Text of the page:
Guestblogger Ed Peters writes:
Lately it seems that ripping Dale Vree and the New Oxford Review has become many people’s favorite past time. Of course, Vree is no stranger to intellectual street-fighting, so knocking NOR is nothing new. But to this observer, the pile-on looks like it’s getting out of hand. For example, just recently, Pete Vere, an early-30s, fairly well-known, orthodox Catholic blogger from Canada, thrice taunted Dale Vree (who is twice Vere’s age) for virtually being at death’s door and therefore practically out of time to repent of his publishing sins lest he go to hell. (I am not making this up). That does it. Somebody, hold my glasses. I’m going in.
Dale Vree is not omniscient, his logical skills are not perfect, and sometimes he fails in patience and charity. In other words, he’s a lot like me. But also, I’m guessing, like Pete Vere. Furthermore, Vree’s New Oxford Review has all the strengths and all the weaknesses of an opinion journal dominated by one man’s opinions.
This means, when Dale Vree is right, he is very, very, Churchill-in-the-1930s-right; but when he is wrong, he is very, very, Chamberlain-back-from-Munich-wrong. While Dale Vree has often shown deep courage by standing up against powerful persons and forces for what is right, even when that stand costs him dearly—and some of Vree’s righteous fights have cost him dearly—at other times he seems unable to get off the merry-go-round of his own arguments long enough for the spinning to pass and his arguments to clear.
If I need to say it, I disagree with several positions Vree and the NOR have taken over the years. I have regretted seeing him go after some people I greatly respect and with whom I largely agree. But by the same token, some people I respect have gone after Dale Vree in unprofessional—and lately quite uncharitable—ways; that too causes grief. Was Rodney King all wet when he pleaded “Why can’t we all just get along?”
I’ve been reading NOR off and on for some 25 years—almost as long as Pete Vere has been alive—and there’s an old saying I just made up: “Blessed are the believing GenXers, for theirs is a world with abundant outlets for orthodox expression.” They can’t remember the bad ole days, when virtually every organ of religious and secular media was dominated by the monolithic chant of “Burn, baby, burn. The future belongs to therapy, not theology.” And, as if the flowering of alternative print and broadcast media were not enough, anybody with a keyboard and modem (technology that Vree has been slow to exploit, to his disadvantage in modern debate) can broadcast their opinions around the world in seconds. Fewer people remember when, for his articulate defense of Catholic principles, Dale Vree was perhaps the loneliest man in Catholic publishing. But I remember those days, and say that if, in the twilight of his career, Dale Vree is making some unnecessary enemies, that is a genuine matter for concern and individual confrontation by his peers, not for disrespectful rebukes from youth.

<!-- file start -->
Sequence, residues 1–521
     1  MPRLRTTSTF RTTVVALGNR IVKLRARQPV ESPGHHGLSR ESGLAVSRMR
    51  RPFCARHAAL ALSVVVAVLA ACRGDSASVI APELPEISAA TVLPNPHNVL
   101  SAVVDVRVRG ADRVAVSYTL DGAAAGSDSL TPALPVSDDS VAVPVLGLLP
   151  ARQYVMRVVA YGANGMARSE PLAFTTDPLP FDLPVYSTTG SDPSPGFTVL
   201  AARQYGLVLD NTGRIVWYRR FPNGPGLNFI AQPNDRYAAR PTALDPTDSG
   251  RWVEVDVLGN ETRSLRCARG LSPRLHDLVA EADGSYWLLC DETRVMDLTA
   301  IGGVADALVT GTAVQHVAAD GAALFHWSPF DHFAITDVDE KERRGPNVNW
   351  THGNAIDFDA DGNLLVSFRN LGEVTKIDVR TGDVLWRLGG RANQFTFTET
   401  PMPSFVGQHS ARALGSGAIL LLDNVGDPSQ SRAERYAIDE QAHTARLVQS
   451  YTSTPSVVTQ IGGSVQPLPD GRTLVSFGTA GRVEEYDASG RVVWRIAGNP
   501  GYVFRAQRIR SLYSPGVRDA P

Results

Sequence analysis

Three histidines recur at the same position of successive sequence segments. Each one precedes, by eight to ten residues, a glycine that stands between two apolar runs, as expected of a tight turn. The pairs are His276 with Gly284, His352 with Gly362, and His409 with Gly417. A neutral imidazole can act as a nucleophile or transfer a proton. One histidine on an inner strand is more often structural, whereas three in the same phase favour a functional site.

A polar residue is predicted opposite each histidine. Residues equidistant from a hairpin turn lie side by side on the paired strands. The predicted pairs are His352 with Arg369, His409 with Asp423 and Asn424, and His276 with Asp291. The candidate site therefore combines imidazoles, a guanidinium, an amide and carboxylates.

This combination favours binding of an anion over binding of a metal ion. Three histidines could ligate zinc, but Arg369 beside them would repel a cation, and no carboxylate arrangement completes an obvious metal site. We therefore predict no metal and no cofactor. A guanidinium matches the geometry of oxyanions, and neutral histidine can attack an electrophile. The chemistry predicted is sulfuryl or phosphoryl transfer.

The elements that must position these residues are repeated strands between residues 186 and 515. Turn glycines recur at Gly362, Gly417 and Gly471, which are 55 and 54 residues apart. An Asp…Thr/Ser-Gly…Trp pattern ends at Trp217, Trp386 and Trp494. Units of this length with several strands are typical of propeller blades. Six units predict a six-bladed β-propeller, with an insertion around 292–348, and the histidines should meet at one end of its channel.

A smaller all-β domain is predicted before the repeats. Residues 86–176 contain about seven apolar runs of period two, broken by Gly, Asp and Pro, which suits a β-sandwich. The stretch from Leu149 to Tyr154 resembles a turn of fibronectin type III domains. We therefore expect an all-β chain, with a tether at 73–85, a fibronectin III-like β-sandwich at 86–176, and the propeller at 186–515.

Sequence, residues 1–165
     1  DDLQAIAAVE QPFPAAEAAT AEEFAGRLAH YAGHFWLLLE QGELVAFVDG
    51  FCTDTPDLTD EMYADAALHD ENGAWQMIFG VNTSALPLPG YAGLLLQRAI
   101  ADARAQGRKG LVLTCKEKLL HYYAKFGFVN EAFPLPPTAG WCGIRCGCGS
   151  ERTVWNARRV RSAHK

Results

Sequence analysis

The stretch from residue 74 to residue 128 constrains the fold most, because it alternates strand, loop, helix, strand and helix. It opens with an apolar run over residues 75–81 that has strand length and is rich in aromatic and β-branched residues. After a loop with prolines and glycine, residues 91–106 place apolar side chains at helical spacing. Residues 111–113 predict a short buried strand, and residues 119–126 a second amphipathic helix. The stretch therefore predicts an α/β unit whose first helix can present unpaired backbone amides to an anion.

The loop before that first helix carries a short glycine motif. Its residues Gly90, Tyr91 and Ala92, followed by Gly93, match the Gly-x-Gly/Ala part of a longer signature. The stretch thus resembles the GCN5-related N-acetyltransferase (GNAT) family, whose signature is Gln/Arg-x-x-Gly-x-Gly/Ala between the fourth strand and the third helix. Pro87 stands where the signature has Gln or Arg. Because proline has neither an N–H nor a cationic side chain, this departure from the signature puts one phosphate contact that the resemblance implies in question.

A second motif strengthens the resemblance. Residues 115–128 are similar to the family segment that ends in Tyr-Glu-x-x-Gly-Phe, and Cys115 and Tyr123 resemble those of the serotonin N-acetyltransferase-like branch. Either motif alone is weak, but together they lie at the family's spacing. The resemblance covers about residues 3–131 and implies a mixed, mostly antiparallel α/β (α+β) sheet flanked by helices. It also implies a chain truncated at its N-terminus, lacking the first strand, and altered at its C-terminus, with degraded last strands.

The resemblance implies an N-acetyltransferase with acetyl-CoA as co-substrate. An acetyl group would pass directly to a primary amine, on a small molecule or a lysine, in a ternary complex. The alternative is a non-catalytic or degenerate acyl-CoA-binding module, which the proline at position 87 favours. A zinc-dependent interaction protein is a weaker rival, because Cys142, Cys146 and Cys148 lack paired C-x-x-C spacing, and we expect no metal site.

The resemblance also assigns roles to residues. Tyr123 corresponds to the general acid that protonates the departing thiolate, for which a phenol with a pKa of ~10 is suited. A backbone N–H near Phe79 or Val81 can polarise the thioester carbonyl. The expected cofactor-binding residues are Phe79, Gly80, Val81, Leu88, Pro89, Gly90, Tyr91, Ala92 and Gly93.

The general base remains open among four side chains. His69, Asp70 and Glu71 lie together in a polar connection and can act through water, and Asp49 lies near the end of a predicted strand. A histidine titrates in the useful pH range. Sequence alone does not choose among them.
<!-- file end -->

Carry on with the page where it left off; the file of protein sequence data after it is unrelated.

Has Vree brought some of this on by going after the wrong people, or at any rate going after the right people in the wrong way? Maybe so. But at the same time, the information age never forgets one’s earlier error: if, for example, Vree erred in publishing a critique of so-and-so’s writings, few bothered to read fairly Vree’s second, much more sophisticated, critique of the same person’s work, and instead immediately, and loudly, excoriated Vree for publishing “more of the same.”
Midway though the mediocre movie, Separate Tables (1958), there is a gem of a line: “The trouble about being on the side of right is that often one finds oneself in the company of such very questionable allies.” In a huge world made suddenly very small, I think of that line often. We who participate in public debates often find ourselves being joined by questionable allies; for that matter, we cause others to worry about being associated with us. That analysis applies to Dale Vree and NOR as much as it applies to any of us. But in the meantime, the tone of the NOR debate needs to change.
Consider: even if every criticism made against Dale Vree’s person and publication were sound—there are obviously questions about that—would that legitimate responding to him in kind and implying judgments about the state of his soul that even the holiest pope in history would not presume to make?